Q: Do you think that “getting rid of” (Montagnier) HIV is the holy grail of restoring immune function in AIDS patients?
A: If we succeed in eliminating the virus by stimulating the immune system without targeting the virus itself, this would demonstrate without any shadow of doubt what I mentioned above. This has been achieved, published in 2009 and never confuted (J Med Virol 81:16-26, 2009). We are now conducting experiments to demonstrate how does this work at the molecular level and some of our data have been published in December 2010 (Cancer Immunol Immunother). There are ongoing clinical trials with GcMAF on HIV-positive and AIDS patients in order to replicate the trials described in J Med Virol. Some of our clinical trials and case reports with GcMAF in HIV+ and AIDS patients will be presented this year at some congress and we shall try to publish them. This approach, however, is not “dissident.” At the XVIII Intl AIDS Conference in Vienna in July 2010, there were communications describing how quitting antiretroviral therapy and shifting to immunotherapy improved quality of life. In one of these communication, the Authors propose an immunotherapy slightly different than the one described in J Med Virol, but using an identical approach. From the Conference of Vienna:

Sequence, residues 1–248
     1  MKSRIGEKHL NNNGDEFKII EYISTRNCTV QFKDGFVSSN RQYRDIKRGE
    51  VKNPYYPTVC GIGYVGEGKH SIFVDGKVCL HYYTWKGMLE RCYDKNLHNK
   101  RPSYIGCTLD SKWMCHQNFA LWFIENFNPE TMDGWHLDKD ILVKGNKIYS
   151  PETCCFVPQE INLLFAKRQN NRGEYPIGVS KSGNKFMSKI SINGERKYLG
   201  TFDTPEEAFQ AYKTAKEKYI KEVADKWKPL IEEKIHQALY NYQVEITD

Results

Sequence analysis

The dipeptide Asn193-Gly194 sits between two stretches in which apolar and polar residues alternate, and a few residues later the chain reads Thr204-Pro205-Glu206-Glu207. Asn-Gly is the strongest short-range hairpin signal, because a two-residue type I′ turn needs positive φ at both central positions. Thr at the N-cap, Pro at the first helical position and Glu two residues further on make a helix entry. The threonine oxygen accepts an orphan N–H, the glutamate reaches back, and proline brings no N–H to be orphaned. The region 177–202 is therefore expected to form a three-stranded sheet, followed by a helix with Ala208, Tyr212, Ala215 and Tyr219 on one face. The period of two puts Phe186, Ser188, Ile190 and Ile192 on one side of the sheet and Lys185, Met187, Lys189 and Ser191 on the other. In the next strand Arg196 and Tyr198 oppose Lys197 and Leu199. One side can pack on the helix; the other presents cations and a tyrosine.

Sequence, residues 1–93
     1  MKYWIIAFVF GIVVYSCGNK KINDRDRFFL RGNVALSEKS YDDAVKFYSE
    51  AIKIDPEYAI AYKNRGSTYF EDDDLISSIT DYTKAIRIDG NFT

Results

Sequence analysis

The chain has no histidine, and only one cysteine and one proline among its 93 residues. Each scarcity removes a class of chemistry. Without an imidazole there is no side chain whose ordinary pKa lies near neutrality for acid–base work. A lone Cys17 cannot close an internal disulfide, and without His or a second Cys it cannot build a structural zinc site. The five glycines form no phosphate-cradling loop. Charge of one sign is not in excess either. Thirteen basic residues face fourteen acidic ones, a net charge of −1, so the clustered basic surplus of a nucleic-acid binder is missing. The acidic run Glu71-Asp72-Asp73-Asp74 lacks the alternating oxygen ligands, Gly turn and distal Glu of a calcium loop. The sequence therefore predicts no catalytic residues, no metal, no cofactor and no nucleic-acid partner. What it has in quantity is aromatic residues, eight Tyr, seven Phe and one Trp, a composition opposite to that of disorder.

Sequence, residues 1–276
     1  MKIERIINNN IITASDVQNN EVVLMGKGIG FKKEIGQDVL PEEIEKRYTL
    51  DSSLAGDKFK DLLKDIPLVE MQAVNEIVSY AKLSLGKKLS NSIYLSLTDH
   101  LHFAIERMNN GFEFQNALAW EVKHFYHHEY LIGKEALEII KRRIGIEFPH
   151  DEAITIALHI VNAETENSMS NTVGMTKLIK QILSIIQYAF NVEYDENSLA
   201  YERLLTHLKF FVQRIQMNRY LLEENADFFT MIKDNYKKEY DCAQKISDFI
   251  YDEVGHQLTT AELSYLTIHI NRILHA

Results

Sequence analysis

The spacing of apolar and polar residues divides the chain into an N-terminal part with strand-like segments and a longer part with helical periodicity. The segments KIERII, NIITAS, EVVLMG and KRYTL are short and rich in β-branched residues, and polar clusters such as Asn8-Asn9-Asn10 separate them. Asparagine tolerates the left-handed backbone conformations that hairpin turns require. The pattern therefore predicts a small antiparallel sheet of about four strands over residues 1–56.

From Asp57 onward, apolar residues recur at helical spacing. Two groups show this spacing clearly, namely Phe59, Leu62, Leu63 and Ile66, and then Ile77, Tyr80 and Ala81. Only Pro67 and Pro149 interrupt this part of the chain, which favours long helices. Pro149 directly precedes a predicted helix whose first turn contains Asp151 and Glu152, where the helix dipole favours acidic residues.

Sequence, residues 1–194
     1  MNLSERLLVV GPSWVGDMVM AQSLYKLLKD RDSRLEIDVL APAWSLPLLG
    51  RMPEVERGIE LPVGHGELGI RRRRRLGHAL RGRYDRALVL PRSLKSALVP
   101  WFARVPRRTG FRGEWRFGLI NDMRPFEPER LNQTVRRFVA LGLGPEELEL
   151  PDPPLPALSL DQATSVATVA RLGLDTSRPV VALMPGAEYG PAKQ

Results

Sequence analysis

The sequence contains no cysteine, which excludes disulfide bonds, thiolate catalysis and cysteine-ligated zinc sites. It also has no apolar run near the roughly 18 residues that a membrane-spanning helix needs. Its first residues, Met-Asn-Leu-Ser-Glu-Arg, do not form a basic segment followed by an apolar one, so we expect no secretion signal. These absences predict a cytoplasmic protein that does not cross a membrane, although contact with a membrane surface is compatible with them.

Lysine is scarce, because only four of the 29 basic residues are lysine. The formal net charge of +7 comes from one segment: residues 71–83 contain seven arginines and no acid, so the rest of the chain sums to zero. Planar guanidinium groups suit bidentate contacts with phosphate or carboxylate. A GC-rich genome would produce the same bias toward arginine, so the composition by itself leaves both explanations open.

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Q: Describe the evolution of your thinking about HIV and AIDS, since you entered the field, and also, how these ideas evolved in Italy.
A: From 1984 until 1987, I did not care much about HIV and AIDS. While in the Military, we had determined that this was not a biological weapon and that it was restricted to risk groups (IV drug abusers and a very small percentage of active male homosexuals); by the way, the same scenario is true as of today, and we published it in the Italian Journal of Anatomy and Histology, vol. 114, 97-108, 2009. Please notice that the Italian Journal of Anatomy and Embryology is the official journal of one of the most prestigious Italian and international scientific societies, the Italian Society of Anatomy and Histology, founded in 1929. The journal is peer reviewed and listed in major indexing systems including www.pubmed.org . The journal has no commercial purpose and does not host advertisements. All papers are written in English. All information about the journal can be found here: Italian Journal of Anatomy and Embryology.